Copy and paste the URL of your newly published content in Copyscape’s search box. What Copyscape does is scan the entire interwebs for any copies of the content you’ve just published.
Copyscape is a reliable tool that many publishers depend on heavily to check for quality and originality. There are other tools very similar to Copyscape that you can use for the same purpose, such as Plagiarism Detect and InterNIC.
Checking for duplicate content is fairly easy and simple. It’s an indispensable SEO task for beginners, but no one should take it for granted. With the right set of tools, you can comfortably ensure that your content is unique well before you publish it online.
And by providing your readers with high-quality and unique content, you will have furnished great value.
Once you’ve identified the critical areas of duplication on your site, you can start taking action to correct them. The sooner you take corrective action, the sooner you’ll start rebounding from the negative effects. Fortunately, Google also makes it easy for you to find and correct duplicate content on your site. When you log into Google Webmaster Tools, head to “Search Appearance,” and then “HTML Improvements.” This will allow you to generate a list of any pages that Google detects as being duplicated. Once you have this list, you can begin eliminating the duplicate errors one by one with any of the following methods:
Let’s do a brief recap. “Duplicate content” can refer to plagiarized material, copied content for the purposes of site inflation, but more importantly for the average user, pages that Google indexes twice. These duplicate forms of content are easy to track down with Google Webmaster Tools and fix with canonicalization adjustments or redirects, but if they go unnoticed, they can cumulatively bring your rankings down. Be proactive and scout for duplicate content at least once every few months—unless your site management process is flawless, it’s probably that duplicate content will surface when you least expect it.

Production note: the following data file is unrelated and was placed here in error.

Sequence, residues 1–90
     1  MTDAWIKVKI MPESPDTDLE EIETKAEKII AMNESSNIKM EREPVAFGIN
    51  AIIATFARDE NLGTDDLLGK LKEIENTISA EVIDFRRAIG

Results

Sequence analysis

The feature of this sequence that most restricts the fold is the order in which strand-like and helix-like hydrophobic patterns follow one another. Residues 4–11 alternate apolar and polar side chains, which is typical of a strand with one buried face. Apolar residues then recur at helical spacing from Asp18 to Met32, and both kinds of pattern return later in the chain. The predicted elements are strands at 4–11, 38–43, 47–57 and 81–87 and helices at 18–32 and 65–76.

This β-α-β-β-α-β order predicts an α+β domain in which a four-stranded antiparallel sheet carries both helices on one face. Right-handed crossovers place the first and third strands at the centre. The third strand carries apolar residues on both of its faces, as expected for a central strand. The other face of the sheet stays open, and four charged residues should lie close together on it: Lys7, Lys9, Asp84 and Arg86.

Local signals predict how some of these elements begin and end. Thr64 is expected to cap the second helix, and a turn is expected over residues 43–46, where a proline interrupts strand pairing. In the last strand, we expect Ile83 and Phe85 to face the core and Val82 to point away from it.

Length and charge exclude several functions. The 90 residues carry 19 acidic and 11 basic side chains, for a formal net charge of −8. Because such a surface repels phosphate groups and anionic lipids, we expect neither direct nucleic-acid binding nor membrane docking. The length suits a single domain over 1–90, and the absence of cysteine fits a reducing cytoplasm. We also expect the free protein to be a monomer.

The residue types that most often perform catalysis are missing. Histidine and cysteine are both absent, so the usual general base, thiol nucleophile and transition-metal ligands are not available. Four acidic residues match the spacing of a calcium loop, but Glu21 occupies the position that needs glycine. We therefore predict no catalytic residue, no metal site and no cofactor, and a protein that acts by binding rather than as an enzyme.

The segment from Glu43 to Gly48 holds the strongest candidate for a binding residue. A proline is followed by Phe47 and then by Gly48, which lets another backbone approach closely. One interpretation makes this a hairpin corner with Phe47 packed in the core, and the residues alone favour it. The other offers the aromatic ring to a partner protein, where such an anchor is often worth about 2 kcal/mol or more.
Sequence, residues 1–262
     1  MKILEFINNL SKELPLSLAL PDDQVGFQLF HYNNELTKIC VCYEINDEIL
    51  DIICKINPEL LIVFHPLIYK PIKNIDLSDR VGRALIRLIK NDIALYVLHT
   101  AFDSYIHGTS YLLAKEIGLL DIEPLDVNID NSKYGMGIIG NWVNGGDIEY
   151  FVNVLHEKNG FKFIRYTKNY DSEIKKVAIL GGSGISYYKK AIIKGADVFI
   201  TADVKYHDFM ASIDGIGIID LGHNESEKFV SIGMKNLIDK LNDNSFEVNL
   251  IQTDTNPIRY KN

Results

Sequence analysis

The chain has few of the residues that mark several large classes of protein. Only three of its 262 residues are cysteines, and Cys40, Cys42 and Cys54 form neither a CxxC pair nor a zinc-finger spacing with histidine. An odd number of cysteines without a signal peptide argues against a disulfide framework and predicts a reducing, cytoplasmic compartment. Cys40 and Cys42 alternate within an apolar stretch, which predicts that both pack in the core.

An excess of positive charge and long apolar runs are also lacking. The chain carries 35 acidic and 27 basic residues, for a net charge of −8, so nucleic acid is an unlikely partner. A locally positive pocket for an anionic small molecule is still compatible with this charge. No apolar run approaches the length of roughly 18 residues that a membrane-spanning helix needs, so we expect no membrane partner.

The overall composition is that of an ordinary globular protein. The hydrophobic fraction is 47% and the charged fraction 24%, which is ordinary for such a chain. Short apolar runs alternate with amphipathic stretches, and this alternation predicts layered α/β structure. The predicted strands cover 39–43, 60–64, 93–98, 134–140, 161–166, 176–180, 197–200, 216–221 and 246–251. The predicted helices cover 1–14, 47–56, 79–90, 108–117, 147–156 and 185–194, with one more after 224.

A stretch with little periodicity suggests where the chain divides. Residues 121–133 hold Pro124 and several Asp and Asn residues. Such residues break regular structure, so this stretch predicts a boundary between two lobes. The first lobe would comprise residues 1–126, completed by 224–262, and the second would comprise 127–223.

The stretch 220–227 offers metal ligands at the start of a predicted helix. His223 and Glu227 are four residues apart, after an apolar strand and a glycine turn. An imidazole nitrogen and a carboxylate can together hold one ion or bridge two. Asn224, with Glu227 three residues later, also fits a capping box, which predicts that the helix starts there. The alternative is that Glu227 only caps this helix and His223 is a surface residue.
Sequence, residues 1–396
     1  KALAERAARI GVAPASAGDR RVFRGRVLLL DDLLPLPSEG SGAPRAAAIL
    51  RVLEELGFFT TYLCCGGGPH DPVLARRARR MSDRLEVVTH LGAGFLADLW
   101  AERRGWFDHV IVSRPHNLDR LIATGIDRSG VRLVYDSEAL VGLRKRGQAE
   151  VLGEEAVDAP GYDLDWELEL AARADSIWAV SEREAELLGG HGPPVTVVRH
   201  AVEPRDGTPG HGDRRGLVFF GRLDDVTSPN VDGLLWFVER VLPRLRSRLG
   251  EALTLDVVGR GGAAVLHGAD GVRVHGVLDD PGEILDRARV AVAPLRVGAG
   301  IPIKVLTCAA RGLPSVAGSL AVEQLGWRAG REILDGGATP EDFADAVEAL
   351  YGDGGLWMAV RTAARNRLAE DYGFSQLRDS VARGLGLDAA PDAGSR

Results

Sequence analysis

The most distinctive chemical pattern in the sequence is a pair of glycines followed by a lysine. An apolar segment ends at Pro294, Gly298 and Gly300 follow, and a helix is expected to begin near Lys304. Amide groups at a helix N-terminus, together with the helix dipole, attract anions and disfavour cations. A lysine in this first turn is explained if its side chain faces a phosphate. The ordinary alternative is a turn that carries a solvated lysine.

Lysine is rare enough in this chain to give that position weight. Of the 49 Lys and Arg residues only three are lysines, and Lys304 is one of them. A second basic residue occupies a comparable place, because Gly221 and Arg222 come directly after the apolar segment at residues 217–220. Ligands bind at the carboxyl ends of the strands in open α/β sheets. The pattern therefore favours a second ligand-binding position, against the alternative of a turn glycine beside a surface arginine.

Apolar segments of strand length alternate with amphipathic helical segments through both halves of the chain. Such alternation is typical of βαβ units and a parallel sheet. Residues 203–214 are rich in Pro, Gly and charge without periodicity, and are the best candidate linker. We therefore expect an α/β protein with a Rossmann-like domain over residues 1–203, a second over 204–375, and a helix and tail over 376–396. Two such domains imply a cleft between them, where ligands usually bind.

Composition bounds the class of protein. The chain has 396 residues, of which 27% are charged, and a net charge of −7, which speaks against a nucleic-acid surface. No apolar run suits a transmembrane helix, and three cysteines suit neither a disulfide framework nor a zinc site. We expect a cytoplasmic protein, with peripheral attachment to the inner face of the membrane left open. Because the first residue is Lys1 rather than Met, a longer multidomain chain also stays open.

In the end, it all comes down to testing on a massive scale, getting solid data and making decisions based on that data. So here’s what I’m going to do. I’m going to run a huge test and then update this post with my results. At the beginning of the post I mentioned that I am soon launching a massive Website with tons of unique content. I’m going to syndicate it all, completely unedited, as far and wide as I possibly can. As I do so, I’ll monitor traffic sources to see what keywords people are using to find my content. Then, I’ll replicate those keyword queries in Google and see where my site ranks in the search results. This should be the definitive test for the merits of syndication.
Thanks for sticking with me through this crazy post!